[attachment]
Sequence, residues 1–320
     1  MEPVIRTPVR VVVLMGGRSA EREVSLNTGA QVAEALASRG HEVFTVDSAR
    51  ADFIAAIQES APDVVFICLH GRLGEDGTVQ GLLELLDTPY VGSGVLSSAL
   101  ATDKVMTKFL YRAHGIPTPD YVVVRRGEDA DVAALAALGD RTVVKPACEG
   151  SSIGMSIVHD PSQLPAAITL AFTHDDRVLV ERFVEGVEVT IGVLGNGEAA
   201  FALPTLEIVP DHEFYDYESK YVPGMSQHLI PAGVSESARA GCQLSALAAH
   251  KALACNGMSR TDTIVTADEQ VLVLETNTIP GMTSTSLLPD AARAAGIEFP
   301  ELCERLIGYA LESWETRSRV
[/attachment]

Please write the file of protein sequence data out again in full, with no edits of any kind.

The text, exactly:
Sequence, residues 1–320
     1  MEPVIRTPVR VVVLMGGRSA EREVSLNTGA QVAEALASRG HEVFTVDSAR
    51  ADFIAAIQES APDVVFICLH GRLGEDGTVQ GLLELLDTPY VGSGVLSSAL
   101  ATDKVMTKFL YRAHGIPTPD YVVVRRGEDA DVAALAALGD RTVVKPACEG
   151  SSIGMSIVHD PSQLPAAITL AFTHDDRVLV ERFVEGVEVT IGVLGNGEAA
   201  FALPTLEIVP DHEFYDYESK YVPGMSQHLI PAGVSESARA GCQLSALAAH
   251  KALACNGMSR TDTIVTADEQ VLVLETNTIP GMTSTSLLPD AARAAGIEFP
   301  ELCERLIGYA LESWETRSRV